Directory of Open Access Journals (Sweden)

    Matthias Liniger

    Full Text Available Chickens lack the retinoic acid-inducible gene I (RIG-I and sense avian influenza virus (AIV infections by means of the melanoma differentiation-associated gene 5 product (chMDA5. Plasmid-driven expression of the N-terminal half of chMDA5 containing the caspase activation and recruitment domains [chMDA5(1-483] triggers interferon-β responses in chicken cells. We hypothesized that mimicking virus infection by chMDA5(1-483 expression may enhance vaccine-induced adaptive immunity. In order to test this, the potential genetic adjuvant properties of chMDA5(1-483 were evaluated in vivo in combination with a suboptimal quantity of a plasmid DNA vaccine expressing haemagglutinin (HA of H5N1 AIV. Co-administration of the HA plasmid with plasmid DNA for chMDA5(1-483 expression resulted in approximately 10-fold higher HA-specific antibody responses than injection of the HA plasmid mixed with empty vector DNA as control. Accordingly, compared with HA DNA vaccination alone, the chMDA5(1-483-adjuvanted HA DNA vaccine mediated enhanced protection against a lethal H5N1 challenge infection in chickens, with reduced clinical signs and cloacal virus shedding. These data demonstrate that innate immune activation by expression of signaling domains of RIG-I-like receptors can be exploited to enhance vaccine efficacy.

  4. HIVIS-DNA or HIVISopt-DNA priming followed by CMDR vaccinia-based boosts induce both humoral and cellular murine immune responses to HIV

    Directory of Open Access Journals (Sweden)

    J Hinkula

    2017-06-01

    Conclusions: HIVIS-DNA was modified to obtain HIVISopt-DNA that had fewer plasmids, and additional epitopes. Even with one DNA prime followed by two MVA-CMDR boosts, humoral and cell-mediated immune responses were readily induced by priming with either DNA construct composition. Priming by HIV-DNA augmented neutralizing antibody responses revealed by boosting with the vaccinia-based heterologous sequences. Cellular and antibody responses covered selected strains representing HIV-1 subtypes A, B, C and CRF01_AE. We assume this is related to the inclusion of heterologous full genes in the vaccine schedule.

  5. Cysteine proteases as potential antigens in antiparasitic DNA vaccines

    DEFF Research Database (Denmark)

    Jørgensen, Louise von Gersdorff; Buchmann, Kurt

    2011-01-01

    En litteraturgennemgang af muligheder for at bruge cystein proteaser som antigener i antiparasitære vacciner.......En litteraturgennemgang af muligheder for at bruge cystein proteaser som antigener i antiparasitære vacciner....

  6. Immune responses elicited by Mycoplasma hyopneumoniae recombinant antigens and DNA constructs with potential for use in vaccination against porcine enzootic pneumonia.

    Science.gov (United States)

    Virginio, Veridiana Gomes; Gonchoroski, Taylor; Paes, Jéssica Andrade; Schuck, Desirée Cigaran; Zaha, Arnaldo; Ferreira, Henrique Bunselmeyer

    2014-10-07

    Mycoplasma hyopneumoniae is the etiological agent of porcine enzootic pneumonia (PEP) and causes major economic losses to the pig industry worldwide. Commercially available vaccines provide only partial protection and are relatively expensive. In this study, we assessed the humoral and cellular immune responses to three recombinant antigens of M. hyopneumoniae. Immune responses to selected domains of the P46, HSP70 and MnuA antigens (P46102-253, HSP70212-601 and MnuA182-378), delivered as recombinant subunit or DNA vaccines, were evaluated in BALB/c mice. All purified recombinant antigens and two DNA vaccines, pcDNA3.1(+)/HSP70212-601 and pcDNA3.1(+)/MnuA182-378, elicited a strong humoral immune response, indicated by high IgG levels in the serum. The cellular immune response was assessed by detection of IFN-γ, IL-10 and IL-4 in splenocyte culture supernatants. The recombinant subunit and DNA vaccines induced Th1-polarized immune responses, as evidenced by increased levels of IFN-γ. All recombinant subunit vaccines and the pcDNA3.1(+)/MnuA182-378 vaccine also induced the secretion of IL-10, a Th2-type cytokine, in large quantities. The mixed Th1/Th2-type response may elicit an effective immune response against M. hyopneumoniae, suggesting that P46102-253, HSP70212-601 and MnuA182-378 are potential novel and promising targets for the development of vaccines against PEP. Copyright © 2014 Elsevier Ltd. All rights reserved.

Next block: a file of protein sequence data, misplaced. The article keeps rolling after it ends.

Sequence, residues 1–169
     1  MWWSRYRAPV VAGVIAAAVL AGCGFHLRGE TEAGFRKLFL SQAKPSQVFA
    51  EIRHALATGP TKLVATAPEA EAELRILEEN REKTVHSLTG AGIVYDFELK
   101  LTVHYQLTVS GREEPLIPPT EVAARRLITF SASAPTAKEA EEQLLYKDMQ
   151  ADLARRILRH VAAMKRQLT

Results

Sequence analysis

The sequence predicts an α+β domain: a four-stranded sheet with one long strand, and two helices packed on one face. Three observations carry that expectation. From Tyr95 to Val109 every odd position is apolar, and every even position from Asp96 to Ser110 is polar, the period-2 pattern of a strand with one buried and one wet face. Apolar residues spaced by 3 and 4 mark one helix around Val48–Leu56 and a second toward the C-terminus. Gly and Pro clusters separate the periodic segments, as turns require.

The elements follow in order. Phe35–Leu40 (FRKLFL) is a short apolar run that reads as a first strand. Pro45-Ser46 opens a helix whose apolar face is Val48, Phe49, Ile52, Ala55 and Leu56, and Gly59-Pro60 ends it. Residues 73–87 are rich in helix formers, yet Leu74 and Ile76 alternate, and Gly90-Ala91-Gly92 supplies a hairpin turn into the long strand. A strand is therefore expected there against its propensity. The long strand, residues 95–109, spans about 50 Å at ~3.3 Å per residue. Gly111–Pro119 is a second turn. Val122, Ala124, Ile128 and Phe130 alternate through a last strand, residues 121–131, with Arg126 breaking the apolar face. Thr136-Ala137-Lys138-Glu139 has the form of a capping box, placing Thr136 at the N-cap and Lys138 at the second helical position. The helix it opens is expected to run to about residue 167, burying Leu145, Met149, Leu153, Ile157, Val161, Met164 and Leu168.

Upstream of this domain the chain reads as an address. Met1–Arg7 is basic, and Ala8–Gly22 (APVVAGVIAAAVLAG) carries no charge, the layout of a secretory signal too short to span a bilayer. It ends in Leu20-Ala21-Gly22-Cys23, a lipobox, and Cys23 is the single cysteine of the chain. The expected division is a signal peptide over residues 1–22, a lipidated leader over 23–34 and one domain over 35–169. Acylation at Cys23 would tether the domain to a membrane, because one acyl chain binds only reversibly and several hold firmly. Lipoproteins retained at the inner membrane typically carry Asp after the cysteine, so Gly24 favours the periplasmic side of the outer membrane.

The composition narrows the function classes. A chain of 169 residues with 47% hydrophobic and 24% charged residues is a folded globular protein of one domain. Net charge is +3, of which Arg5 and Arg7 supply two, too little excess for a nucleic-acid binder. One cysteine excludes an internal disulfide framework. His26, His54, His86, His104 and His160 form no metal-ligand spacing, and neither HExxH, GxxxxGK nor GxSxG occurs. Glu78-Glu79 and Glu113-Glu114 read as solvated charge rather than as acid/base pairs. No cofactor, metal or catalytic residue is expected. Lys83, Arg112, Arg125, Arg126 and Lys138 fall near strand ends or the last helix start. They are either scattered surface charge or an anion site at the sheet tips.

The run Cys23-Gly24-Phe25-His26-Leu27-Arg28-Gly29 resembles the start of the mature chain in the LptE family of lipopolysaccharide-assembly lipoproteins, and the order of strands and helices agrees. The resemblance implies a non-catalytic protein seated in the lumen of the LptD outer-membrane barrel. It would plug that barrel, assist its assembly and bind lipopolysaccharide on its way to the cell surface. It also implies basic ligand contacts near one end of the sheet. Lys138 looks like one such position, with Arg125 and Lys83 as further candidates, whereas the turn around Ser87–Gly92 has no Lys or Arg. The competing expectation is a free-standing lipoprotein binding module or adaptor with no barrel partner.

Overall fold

7. Molecular adjuvants for malaria DNA vaccines based on the modulation of host-cell apoptosis.

    Science.gov (United States)

    Bergmann-Leitner, Elke S; Leitner, Wolfgang W; Duncan, Elizabeth H; Savranskaya, Tatyana; Angov, Evelina

    2009-09-18

    Malaria represents a major global health problem but despite extensive efforts, no effective vaccine is available. Various vaccine candidates have been developed that provide protection in animal models, such as a gene gun-delivered DNA vaccine encoding the circumsporozoite protein (CSP) of Plasmodium berghei. A common shortcoming of most malaria vaccines is the requirement for multiple immunizations leaving room for improvement even for established vaccine candidates such as the CSP-DNA vaccine. In this study, we explored whether regulating apoptosis in DNA vaccine transfected host cells could accelerate the onset of protective immunity and provide significant protection after a single immunization. A pro-apoptotic gene (Bax) was used as a molecular adjuvant in an attempt to mimic the immunostimulatory apoptosis triggered by viral or virus-derived vaccines, while anti-apoptotic genes such as Bcl-XL may increase the life span of transfected cells thus prolonging antigen production. Surprisingly, co-delivery of either Bax or Bcl-XL greatly reduced CSP-DNA vaccine efficacy after a single immunization. Co-delivery of Bax for three immunizations still had a detrimental effect on protective immunity, while repeated co-delivery of Bcl-XL had no negative impact. The fine characterization of humoral and cellular immune response modulated by these two molecular adjuvants revealed a previously unknown effect, i.e., a shift in the Th-profile. These results demonstrate that pro- or anti-apoptotic molecules should not be used as molecular adjuvants without careful evaluation of the resulting immune response. This finding represents yet another example that strategies to enhance vaccine efficacy developed for other model systems such as viral diseases cannot easily be applied to any vaccine.